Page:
Alaska Legislature

Legislation to address Alaska child care crisis moves to Senate after House approval

Most members of the Alaska House of Representatives have supported a bill that aims to expand the number of families who can afford child care and increase child care subsidies so they reflect the actual cost of care.

Rep. Julie Coulombe, R-Anchorage, sponsored the bill and called House Bill 89 a commonsense bill that could build the state’s workforce and support families.

“In my district, families are really struggling. The inflation and the energy costs — both parents have to work, that’s just the reality,” she said. “They want to go back to work; they can’t find child care. Sometimes when they find child care, they can’t afford it.”

The bill would increase access for middle-class families by raising the maximum income level to qualify for assistance, and it adds a sliding-fee scale for families who increase their household income so that they are weaned off subsidies.

The bill would create incentives for the private sector to help with child care costs and access, including a tax incentive for corporations to provide child care benefits to their employees. It would raise the amount of tax credits corporations can claim to $3 million from $1 million.

“It’s a very specific and targeted way to try to incentivize the private sector. I don’t think the government can solve this problem; I think everyone needs to kick in,” Coulombe said.

[Gov. Dunleavy proposes tax breaks for companies that spend money on worker housing and child care]


Alaska families shoulder the burden of child care and early education costs, which can be 17% to 34% of family income, according to data from thread, a resource and referral network for child care in the state. Alaska families spend about $223 million a year on early child care and learning; the state contributes about $36 million.

Rep. Zack Fields, D-Anchorage, said the bill incorporates best practices for alleviating the child care crisis, which is a nationwide problem. “This bill directly addresses the biggest challenge for families trying to go back to the workforce, which is the simple ability to take care of their kids,” he said.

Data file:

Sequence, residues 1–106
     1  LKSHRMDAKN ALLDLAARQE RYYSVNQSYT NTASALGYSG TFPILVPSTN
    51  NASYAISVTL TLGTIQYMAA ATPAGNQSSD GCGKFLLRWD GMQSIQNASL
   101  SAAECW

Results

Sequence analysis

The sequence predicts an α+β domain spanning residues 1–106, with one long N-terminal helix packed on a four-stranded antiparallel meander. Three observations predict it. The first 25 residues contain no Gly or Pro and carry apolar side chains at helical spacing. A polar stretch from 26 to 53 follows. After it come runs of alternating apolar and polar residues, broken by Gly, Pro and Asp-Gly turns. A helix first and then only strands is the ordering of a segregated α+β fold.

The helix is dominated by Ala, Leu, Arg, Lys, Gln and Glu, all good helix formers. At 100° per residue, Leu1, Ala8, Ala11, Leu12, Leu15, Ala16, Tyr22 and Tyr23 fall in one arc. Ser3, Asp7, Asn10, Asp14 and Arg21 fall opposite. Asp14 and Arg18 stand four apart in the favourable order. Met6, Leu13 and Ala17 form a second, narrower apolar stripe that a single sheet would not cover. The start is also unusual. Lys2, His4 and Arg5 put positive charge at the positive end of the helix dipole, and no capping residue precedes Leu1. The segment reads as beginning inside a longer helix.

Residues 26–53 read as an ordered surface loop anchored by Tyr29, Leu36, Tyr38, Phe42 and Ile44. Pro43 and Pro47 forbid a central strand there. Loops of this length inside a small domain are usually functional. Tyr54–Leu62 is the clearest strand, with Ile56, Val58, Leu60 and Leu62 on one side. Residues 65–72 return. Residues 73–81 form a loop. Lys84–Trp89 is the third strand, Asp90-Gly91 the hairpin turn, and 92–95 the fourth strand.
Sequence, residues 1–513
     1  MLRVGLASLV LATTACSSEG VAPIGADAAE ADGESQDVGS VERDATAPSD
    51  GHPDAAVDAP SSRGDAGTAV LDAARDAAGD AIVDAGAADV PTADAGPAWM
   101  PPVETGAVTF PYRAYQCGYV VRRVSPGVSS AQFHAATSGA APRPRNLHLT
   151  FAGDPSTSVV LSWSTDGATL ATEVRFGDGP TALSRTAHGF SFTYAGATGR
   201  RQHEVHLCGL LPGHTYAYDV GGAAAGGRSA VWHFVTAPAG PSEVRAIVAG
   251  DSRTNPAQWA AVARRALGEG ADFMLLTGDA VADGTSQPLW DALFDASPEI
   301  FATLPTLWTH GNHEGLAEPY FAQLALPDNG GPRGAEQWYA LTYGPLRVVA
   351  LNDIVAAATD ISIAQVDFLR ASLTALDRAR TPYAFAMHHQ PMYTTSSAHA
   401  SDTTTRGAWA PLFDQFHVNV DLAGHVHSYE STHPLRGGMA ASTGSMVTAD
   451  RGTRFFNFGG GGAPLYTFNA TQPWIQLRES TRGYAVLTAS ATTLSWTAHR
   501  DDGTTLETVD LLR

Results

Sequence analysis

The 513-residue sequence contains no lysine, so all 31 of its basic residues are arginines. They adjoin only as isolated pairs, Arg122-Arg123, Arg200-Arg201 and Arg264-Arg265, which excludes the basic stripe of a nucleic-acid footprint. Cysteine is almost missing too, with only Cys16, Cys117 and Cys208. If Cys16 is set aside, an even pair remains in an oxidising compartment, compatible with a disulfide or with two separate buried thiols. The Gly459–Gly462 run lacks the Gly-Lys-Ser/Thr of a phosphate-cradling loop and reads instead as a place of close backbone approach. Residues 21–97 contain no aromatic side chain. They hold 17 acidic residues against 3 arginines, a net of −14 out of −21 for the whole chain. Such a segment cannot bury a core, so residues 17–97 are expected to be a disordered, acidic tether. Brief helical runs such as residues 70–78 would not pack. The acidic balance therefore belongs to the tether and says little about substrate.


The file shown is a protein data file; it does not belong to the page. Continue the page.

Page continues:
The House passed the bill 35 to 5. Reps. Jamie Allard, R-Eagle River; Ben Carpenter, R-Nikiski; David Eastman, R-Wasilla; George Rauscher, R-Sutton; and Sarah Vance, R-Homer, voted against the bill.

Unaffordable or unavailable child care significantly affects Alaska’s workforce. According to one study, 77% percent of Alaska parents reported missing work because of child care challenges. Forty percent of Alaskans interviewed for the study said that they or someone in their household had left a job, declined a job offer, or changed jobs because of child care issues in the last year.

Coulombe is an ex officio member of Gov. Mike Dunleavy’s child care task force, which was formed in April 2023 to examine the issue and create recommendations to make child care in the state more available and affordable.

“We’re trying to make Alaska friendly to Alaska families, and they’re really struggling, and I’m hoping this bill will be a step in the right direction,” Coulombe said.

Originally published by the Alaska Beacon, an independent, nonpartisan news organization that covers Alaska state government.